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Saturday, November 05, 2016

Harm Versus Hurt

Recent events prompt the question of whether what we are seeing in the university setting—in terms of swift and strict sanctioning of certain speech and action—is a conflation of hurt and harm.  If so, would this be a departure from the university’s previous focus on harm?

Maybe it’s because I have con law on the brain after spending the day at the Loyola Chicago constitutional law colloquium, but I can immediately imagine the justifications for strict and immediate sanctions in response to harm, going back to Mill’s Harm Principle and fast forwarding to the justification of state intervention in an American family based on harm to a child.  I wonder what the analog framework is for strict and immediate sanctions in response to hurt, especially in lieu of an old-fashioned apology.  Admittedly, Mill preempts me here a bit by his discussion of “offense,” which I would call hurt.

I suppose the threshold question is whether hurt and harm are different.  I would say yes:  It is possible to hurt someone with a critique of her work, but ultimately to benefit her.  I do not see how it is possible to harm someone, but ultimately benefit her.  So then, should we sanction each differently? 

The problem for me, additionally, is how to draw the line between harm and hurt in the academic context in particular.  This question divides us, making strong university sanctions seem jarring to some folks, but not to others.  Until we reach more of a consensus, it seems like university responses to disapproved conduct and speech will have to be ad hoc and, thus, controversial.    

Posted by Margaret Ryznar on November 5, 2016 at 03:27 AM | Permalink


I'm glad I have never witnessed such a harm, and had not anticipated it could exist!

Posted by: Margaret Ryznar | Nov 6, 2016 4:20:05 AM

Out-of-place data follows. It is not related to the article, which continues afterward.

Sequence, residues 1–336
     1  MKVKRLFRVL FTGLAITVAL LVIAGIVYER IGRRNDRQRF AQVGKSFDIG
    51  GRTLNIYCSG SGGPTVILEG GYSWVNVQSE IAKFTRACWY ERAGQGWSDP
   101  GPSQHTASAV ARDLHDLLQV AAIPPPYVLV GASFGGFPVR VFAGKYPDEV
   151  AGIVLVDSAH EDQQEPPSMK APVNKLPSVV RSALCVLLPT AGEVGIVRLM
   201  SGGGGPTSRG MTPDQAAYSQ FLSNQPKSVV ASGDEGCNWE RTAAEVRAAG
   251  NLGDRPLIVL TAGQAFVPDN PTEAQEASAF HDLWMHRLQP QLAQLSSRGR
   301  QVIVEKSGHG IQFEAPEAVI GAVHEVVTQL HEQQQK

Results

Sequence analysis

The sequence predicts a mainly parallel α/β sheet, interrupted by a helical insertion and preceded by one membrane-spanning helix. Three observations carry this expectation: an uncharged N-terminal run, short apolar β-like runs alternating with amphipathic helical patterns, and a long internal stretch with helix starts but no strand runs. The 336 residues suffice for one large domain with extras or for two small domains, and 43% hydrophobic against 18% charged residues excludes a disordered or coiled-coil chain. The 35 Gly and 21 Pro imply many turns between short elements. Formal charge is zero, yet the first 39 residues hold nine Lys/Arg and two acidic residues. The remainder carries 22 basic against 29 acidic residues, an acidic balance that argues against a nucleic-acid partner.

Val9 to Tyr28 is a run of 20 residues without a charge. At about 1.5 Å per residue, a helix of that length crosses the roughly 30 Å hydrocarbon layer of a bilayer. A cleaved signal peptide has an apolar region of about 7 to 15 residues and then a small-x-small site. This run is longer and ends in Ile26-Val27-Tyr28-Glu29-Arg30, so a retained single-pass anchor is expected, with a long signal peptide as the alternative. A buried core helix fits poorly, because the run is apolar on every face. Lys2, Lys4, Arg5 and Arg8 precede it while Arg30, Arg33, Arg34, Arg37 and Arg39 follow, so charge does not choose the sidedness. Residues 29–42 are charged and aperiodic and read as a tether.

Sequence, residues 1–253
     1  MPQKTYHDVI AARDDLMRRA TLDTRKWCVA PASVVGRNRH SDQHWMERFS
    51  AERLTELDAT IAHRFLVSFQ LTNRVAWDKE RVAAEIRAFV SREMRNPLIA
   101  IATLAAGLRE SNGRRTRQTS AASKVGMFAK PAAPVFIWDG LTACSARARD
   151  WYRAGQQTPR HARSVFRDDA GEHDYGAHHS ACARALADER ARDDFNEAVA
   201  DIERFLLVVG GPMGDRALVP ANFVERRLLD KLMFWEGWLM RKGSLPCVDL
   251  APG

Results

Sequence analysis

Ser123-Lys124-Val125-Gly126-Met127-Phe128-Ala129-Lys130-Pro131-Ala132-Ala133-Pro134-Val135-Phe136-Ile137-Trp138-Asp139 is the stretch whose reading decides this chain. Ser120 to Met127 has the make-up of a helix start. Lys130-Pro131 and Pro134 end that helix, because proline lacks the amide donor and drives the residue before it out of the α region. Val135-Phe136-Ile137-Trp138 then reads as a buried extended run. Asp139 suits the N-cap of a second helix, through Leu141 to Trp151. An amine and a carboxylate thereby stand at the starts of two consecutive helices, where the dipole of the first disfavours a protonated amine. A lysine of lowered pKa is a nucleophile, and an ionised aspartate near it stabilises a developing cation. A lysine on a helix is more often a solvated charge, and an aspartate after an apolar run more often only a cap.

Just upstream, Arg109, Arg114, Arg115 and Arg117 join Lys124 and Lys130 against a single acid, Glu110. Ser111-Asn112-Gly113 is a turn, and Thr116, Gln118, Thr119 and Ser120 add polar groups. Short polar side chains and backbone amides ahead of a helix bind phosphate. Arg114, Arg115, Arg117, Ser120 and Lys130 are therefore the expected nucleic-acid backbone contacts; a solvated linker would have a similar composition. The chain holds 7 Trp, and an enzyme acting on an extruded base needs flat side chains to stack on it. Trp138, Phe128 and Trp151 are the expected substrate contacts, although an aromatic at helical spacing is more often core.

A person publicly critiques another's work in such devastating fashion that it harms their career in the short term. Ultimately, they become a better scholar as a result and enjoy a better career than they would have if not for the criticism. The criticism both harmed and benefited its subject.

Posted by: Asher Steinberg | Nov 5, 2016 2:15:12 PM

Thanks, both. I look forward to checking out the book.

Posted by: Margaret Ryznar | Nov 5, 2016 1:08:41 PM

Art, while I think you have a point, I also think what you describe often takes the form of broad, ideologically-driven definitions of harm, thus making Margaret’s harm/hurt distinction very much of an issue, though, as you suggest, not the only issue. Power plays via aggressive weakness and moral entrepreneurship is also a major part of the problem.

I recommend Anthony Kronman’s book Education’s End for those who desire a good understanding of the root of the problem.

Posted by: Edward Cantu | Nov 5, 2016 11:42:13 AM

Neither hurts nor harms are at issue. The insistence of emotionally disordered students and conniving faculty and administration that no one may be playful with their pieties (or astringently critical of them) is what's at issue. We live in low and dishonest times and higher education is run by low and dishonest people.

Posted by: Art Deco | Nov 5, 2016 10:31:22 AM

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